Thursday, December 8, 2011

It might be inevitable, but don't expect it to be easy

It does say something about politicians that sooner or later (usually later) they get the message about something the UK public has wanted for years. You can only lie, obfuscate and change your mind so often before an election before stuff comes back to bite you after all.
So it is with referenda and the EU and certain missed opportunities for a Tory leader who increasingly is looking ineffectual and out of touch with the national wishes. We want a referendum on the EU, he wont allow it and with the possibility of a new set of EU treaties being brought in to set up another doomed project of EU countries Cameron instead of saying we'll ask our people, has indicated he'll veto the procedure. Something that is going to make him very unpopular with both groups.

AN EU referendum on Britain's membership is now 'inevitable', a senior cabinet minister has claimed. Northern Ireland Secretary Owen Paterson claimed proposals for closer fiscal union in the eurozone made it crunch time for Britain's future in Europe.
It came as Prime Minister David Cameron came under renewed pressure over Europe today on the eve of the latest summit, with London mayor Boris Johnson also demanding a referendum if the talks result in a new EU-wide treaty.
Mr Cameron promised the House of Commons during PMQs that he would safeguard Britain's interests at the European Council summit in Brussels on Thursday and Friday, when leaders of the 27 EU states will discuss a Franco-German plan for closer fiscal co-ordination between the 17 countries which use the euro.
The Euro is of course pretty much doomed, the politicians don't seem to realise as with the Exchange Rate Mechanism crisis of a previous Tory Administration, that it is now the markets who will decide if a fiscal union will work, certainly not the politicians, after all, their pronouncements are often too little too late as they seek to conserve their power rather than do what's right.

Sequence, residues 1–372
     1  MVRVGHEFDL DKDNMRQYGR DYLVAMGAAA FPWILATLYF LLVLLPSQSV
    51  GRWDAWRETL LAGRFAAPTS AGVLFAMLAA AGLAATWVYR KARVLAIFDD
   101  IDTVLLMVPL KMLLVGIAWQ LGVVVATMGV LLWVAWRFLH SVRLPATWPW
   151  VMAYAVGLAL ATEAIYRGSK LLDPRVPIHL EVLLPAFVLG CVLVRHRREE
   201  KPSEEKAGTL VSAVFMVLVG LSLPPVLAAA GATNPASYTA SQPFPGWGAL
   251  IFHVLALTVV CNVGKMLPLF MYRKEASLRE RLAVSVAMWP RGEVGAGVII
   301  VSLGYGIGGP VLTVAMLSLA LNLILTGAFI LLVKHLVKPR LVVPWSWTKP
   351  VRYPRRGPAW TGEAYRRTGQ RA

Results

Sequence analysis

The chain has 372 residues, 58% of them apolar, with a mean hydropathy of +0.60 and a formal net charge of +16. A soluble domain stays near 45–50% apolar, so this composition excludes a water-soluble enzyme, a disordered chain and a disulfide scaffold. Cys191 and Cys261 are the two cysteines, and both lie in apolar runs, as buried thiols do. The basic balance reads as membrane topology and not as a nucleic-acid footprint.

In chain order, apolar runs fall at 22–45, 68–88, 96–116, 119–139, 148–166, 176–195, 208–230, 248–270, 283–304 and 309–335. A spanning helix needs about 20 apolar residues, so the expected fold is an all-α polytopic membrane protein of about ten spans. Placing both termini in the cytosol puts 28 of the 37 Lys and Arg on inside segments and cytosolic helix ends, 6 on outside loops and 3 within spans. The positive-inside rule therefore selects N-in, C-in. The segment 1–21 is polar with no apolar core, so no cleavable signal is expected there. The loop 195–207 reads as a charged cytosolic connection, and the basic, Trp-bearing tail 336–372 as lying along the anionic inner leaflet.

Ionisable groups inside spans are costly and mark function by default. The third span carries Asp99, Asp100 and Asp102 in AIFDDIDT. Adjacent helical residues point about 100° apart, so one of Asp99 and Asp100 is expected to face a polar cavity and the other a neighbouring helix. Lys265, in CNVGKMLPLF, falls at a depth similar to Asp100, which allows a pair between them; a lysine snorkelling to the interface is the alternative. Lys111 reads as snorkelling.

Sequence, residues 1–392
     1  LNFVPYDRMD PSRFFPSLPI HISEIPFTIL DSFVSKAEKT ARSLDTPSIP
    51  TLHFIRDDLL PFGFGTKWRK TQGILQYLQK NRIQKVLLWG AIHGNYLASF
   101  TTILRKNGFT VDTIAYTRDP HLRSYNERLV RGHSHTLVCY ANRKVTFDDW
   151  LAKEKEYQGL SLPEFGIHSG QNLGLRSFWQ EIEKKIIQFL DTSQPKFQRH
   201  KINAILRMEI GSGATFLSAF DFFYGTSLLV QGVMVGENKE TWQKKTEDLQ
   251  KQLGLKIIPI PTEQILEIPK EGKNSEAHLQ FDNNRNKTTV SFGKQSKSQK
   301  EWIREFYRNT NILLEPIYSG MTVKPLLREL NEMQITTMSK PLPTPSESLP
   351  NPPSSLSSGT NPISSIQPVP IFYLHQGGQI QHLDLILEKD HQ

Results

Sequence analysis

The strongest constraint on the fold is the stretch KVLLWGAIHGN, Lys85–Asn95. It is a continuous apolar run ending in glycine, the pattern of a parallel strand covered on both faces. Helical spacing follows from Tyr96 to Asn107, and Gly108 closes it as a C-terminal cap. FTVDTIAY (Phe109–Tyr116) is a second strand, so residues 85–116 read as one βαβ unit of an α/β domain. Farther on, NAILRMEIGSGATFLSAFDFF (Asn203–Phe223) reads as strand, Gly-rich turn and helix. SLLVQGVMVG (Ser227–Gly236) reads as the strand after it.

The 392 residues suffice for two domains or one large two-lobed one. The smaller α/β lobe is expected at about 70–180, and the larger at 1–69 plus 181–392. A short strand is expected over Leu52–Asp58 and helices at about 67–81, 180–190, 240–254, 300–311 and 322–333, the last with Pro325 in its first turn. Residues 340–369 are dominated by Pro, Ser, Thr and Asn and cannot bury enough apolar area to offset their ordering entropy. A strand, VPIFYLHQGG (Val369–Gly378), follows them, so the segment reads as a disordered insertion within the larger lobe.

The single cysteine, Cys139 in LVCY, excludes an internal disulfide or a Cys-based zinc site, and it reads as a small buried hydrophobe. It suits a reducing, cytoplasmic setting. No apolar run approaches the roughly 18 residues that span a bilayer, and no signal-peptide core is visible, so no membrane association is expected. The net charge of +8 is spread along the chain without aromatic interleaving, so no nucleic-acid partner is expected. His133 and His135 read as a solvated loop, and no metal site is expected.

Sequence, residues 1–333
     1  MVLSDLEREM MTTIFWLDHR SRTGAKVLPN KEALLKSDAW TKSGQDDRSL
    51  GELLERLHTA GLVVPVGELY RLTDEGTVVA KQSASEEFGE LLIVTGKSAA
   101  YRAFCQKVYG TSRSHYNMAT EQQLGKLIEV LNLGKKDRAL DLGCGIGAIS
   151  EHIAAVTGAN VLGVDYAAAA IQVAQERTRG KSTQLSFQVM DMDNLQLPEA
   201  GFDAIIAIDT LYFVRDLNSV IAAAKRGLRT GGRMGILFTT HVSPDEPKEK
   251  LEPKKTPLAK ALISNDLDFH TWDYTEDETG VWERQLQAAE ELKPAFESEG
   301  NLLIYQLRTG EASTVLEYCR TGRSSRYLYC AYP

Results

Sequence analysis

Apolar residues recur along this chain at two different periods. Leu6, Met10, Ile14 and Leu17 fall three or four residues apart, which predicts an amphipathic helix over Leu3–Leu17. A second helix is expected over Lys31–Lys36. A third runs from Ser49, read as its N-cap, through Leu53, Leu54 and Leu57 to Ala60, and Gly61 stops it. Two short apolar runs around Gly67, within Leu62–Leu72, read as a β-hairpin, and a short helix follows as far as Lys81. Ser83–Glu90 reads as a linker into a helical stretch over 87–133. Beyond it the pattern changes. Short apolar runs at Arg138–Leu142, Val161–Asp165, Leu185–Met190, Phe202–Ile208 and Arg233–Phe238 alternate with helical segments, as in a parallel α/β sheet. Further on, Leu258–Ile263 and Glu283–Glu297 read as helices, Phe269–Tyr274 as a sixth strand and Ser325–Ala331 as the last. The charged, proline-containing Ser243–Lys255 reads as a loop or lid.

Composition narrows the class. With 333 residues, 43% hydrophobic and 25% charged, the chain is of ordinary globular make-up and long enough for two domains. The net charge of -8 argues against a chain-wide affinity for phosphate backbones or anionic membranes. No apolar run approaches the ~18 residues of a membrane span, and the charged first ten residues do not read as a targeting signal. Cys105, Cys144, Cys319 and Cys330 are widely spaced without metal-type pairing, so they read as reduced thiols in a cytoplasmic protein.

Many of us predicted this outcome years ago, though mostly we take no pleasure in it as lives will be ruined, pensions lost and businesses ruined, though admittedly the EU seems to be perfectly capable of managing that quite well by over regulation anyway.
So will we get a referendum?
Don't hold your breath, chances are we'll only get one if the politico's know they'll win, at the moment though they know they'll lose. So if we do, expect the question not to be a simple in or out, more of a "Do you wish to remain in the EU with all the benefits to you that it confers" and "Do you want the UK to go to hell in a hand cart if we leave the EU"
That's what we can pretty much expect, well that and the EU pouring millions (which it hasn't really got) into buying us off, like they did with the Irish, who probably now wish they'd voted no a second time.

Mind you, it might all come to nothing if the Dutch have a referendum

3 annotations:

Antisthenes said...

There is no proposal that I have seen that indicates a fiscal union only tightening of the existing rules with a few other things thrown in the major one being the financial transaction tax.So how that addresses the euro crisis beats me but it does not bode well for the interests of the UK. Cameron not asking for powers back, holding a referendum and safeguarding the city does not save the euro but it does leave him open to the charge that he caused the collapse of the euro if he does. So he and the UK are between a rock and a hard place. Reality is likely to triumph over aspiration at this summit and the shock waves that that causes in Britain may be overwhelming.

Anonymous said...

Dear Quiet Man

The most likely way to cow the British into voting to stay in would be to wreck the economy to such a degree that the EU can be presented as the 'only' way to blessed salvation and riches for all eternity.

Plus of course repeated referenda until such time as we give the right answer.


banned said...

Daily Telegraph vote on the subject 7th Dec

David Cameron should sign a new EU treaty...

only if it protects Britain's national interests, for example by safeguarding the City 16.46% (2,588 votes)

only if more powers, such as control over labour laws, are repatriated to Britain 10.73% (1,687 votes)

only if the treaty is approved by a referendum 72.81% (11,449 votes)